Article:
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    Senior Member brtaylor's Avatar
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    FYI, I did a pretty major update to the MAVLink library:
    https://github.com/bolderflight/mavlink

    It now supports:
    1. The heartbeat protocol
    2. Sending status messages to the ground station
    3. Sending system, battery, IMU, GNSS, navigation filter, actuator, and inceptor telemetry to the ground station
    4. The parameter microservice
    5. Mission / flight plan, fence, and rally points

    It's written around our CMake build tooling. Hope to get an Arduino compatible version released, but in the mean time I hope this helps anyone implementing a MAVLink protocol.

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    Quote Originally Posted by brtaylor View Post
    FYI, I did a pretty major update to the MAVLink library:
    https://github.com/bolderflight/mavlink

    It now supports:
    1. The heartbeat protocol
    2. Sending status messages to the ground station
    3. Sending system, battery, IMU, GNSS, navigation filter, actuator, and inceptor telemetry to the ground station
    4. The parameter microservice
    5. Mission / flight plan, fence, and rally points

    It's written around our CMake build tooling. Hope to get an Arduino compatible version released, but in the mean time I hope this helps anyone implementing a MAVLink protocol.
    Very cool Brian. Eventually may get back to this one when other distractions settle down. Think you know how that goes

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    Hi mjs513,

    Thanks for sharing and documenting this example. I'm trying to climb the Mavlink learning curve, simple examples help for sure.

    I'm trying to retrace your steps, I'm working through the library dependencies. Here is what I have so far:


    I searched the forum here and found I needed to comment out "utils/debug.h" from TeensyThreads.cpp (https://forum.pjrc.com/threads/68192...l=1#post288745).

    Currently stuck on a macro error (below). Any help would be much appreciated. Ubuntu 18.04/Teensyduino 1.55.

    Thanks,
    George

    Error from IDE
    Code:
    In file included from /opt/arduino-1.8.16/hardware/tools/arm/arm-none-eabi/include/c++/5.4.1/bits/char_traits.h:39:0,
                     from /opt/arduino-1.8.16/hardware/tools/arm/arm-none-eabi/include/c++/5.4.1/string:40,
                     from /home/geo/Arduino/MavlinkRoverMav3drv3/MavlinkRoverMav3drv3.ino:15:
    /opt/arduino-1.8.16/hardware/tools/arm/arm-none-eabi/include/c++/5.4.1/bits/stl_algobase.h:243:56: error: macro "min" passed 3 arguments, but takes just 2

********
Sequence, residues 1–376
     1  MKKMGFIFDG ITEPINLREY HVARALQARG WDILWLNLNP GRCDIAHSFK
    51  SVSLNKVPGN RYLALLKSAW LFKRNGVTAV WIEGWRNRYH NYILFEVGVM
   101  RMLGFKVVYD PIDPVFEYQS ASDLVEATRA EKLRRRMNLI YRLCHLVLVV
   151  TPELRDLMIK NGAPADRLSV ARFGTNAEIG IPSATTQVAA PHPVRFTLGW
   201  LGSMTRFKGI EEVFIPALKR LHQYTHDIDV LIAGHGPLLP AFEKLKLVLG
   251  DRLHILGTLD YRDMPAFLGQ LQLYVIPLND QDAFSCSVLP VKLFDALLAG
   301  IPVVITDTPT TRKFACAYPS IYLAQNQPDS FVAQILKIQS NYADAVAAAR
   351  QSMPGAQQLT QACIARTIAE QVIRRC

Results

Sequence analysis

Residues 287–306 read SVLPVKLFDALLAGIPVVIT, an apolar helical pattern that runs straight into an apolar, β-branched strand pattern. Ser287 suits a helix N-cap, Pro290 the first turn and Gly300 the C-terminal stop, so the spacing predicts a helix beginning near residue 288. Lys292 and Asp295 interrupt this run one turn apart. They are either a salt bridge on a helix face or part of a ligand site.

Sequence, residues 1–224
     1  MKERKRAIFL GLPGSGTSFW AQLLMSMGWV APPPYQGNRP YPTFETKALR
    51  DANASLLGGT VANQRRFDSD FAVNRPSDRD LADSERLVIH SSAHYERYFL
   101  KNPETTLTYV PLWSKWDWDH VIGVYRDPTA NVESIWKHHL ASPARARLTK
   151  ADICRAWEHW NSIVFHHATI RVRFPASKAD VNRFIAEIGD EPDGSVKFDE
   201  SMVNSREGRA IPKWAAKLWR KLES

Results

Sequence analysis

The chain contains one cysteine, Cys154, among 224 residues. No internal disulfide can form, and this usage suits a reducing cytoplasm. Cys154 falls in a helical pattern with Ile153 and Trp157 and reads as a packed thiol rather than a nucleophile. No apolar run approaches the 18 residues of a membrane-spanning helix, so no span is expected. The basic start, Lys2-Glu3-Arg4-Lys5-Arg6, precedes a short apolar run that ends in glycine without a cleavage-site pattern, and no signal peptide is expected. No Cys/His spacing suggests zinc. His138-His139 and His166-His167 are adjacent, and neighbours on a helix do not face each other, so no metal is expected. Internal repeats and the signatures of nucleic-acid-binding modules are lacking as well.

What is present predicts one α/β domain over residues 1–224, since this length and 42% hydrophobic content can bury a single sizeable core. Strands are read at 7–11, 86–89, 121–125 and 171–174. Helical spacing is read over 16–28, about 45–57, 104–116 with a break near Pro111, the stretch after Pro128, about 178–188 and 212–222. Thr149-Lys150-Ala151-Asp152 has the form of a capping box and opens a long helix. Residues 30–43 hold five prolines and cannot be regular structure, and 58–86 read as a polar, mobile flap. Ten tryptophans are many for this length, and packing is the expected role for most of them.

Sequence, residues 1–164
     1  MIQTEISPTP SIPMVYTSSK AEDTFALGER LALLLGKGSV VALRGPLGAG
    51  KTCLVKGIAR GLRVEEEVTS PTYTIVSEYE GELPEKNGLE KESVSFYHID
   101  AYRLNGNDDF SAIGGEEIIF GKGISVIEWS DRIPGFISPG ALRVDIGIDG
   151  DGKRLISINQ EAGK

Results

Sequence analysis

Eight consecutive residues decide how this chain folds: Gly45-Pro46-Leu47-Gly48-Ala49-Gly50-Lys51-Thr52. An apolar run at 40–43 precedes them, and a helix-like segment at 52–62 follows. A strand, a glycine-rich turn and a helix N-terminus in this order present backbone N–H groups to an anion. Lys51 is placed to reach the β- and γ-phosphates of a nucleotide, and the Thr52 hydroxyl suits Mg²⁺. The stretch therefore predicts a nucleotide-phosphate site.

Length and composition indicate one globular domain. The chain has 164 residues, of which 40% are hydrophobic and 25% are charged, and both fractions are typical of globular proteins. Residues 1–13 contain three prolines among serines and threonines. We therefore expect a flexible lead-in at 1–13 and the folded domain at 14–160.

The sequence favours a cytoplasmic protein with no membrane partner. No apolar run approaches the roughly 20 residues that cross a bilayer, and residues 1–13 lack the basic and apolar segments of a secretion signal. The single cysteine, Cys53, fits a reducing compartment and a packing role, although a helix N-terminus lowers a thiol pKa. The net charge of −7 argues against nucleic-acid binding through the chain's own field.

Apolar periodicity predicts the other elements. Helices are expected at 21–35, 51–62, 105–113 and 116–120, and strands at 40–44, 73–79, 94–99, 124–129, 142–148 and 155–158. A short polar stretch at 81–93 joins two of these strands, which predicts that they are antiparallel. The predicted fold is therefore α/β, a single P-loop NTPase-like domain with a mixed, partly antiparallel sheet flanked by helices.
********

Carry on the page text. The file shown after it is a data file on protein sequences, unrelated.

min(const _Tp& __a, const _Tp& __b, _Compare __comp)
    Copy of includes from top of MavlinkRoverMav3drv3.ino (for reference)
    Code:
    #include <Wire.h>
    #include "./MavLink/common/mavlink.h"
    #include "mavGlobals.h" 
    #include <inttypes.h>
    #include <ublox2.h>
    #include "Streaming.h"
    #include <string>
    
    #include "TeensyThreads.h"
    #include "EEPROM.h"
    #include <PWMServo.h>
    
    #include <Adafruit_Sensor.h>
    #include <Adafruit_BNO055.h>
    #include <utility/imumaths.h>
    Last edited by MGeo; 10-13-2021 at 12:25 PM.

  14. #14
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    @MGeo
    Wow - haven't touched this in a long while. But will see what I can do. Not sure if its going to a Linux issue or something else. I am running on Windows10 pc with the latest Teensyduino release 1.56beta2 but should still be compatible with 1.55 for what is going on with the sketch. I did just compile it again on my machine but can not seem to duplicate the error:
    Code:
    Opening Teensy Loader...
    Sketch uses 63372 bytes (6%) of program storage space. Maximum is 1048576 bytes.
    Global variables use 12028 bytes (4%) of dynamic memory, leaving 250116 bytes for local variables. Maximum is 262144 bytes.
    Your error seems to be pointing to a conflict with #incluse <string> you could try using #include <string.h> to see itf that helps.

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    Thanks mjs513,

    I moved over to a Win 10 machine to remove a variable. Same error but changing to #include <string.h> as you mentioned fixed that error. I'm using IDE 1.8.13 if that matters, along with V1.55.

    You must have a different ublox2 lib than the one I linked, as GPS.SetRATE takes 3 parameters instead of 2, so I got an error from line 61 of main INO file.

    I changed that line to the following and things now appear to have compiled correctly.
    Code:
      GPS.SetRATE(200, 200, false);                 // Navigation/Measurement Rate Settings, e.g. 100ms => 10Hz, 200 => 5.00Hz, 1000ms => 1Hz, 10000ms => 0.1Hz
    Thanks for the help, I'll start scrounging for hardware.

    George


    Code:
    // UBX-CFG-RATE (0x06 0x08)  Set Navigation/Measurement Rate Settings (100ms=10.00Hz, 200ms=5.00Hz, 1000ms=1.00Hz, Etc)
    // Generate the configuration command's syntax
    void UBLOX::SetRATE(uint16_t measRate, uint16_t navRate, bool printACK) {
      bool Supported = false;
      if ( printACK == true ) {
        Serial.print("Setting CFG-RATE (0x06 0x08) Navigation/Measurement Rate ");
        _pACK_RATE = true; // print ACK to USB
      }
      ...
    Last edited by MGeo; 10-13-2021 at 11:32 PM.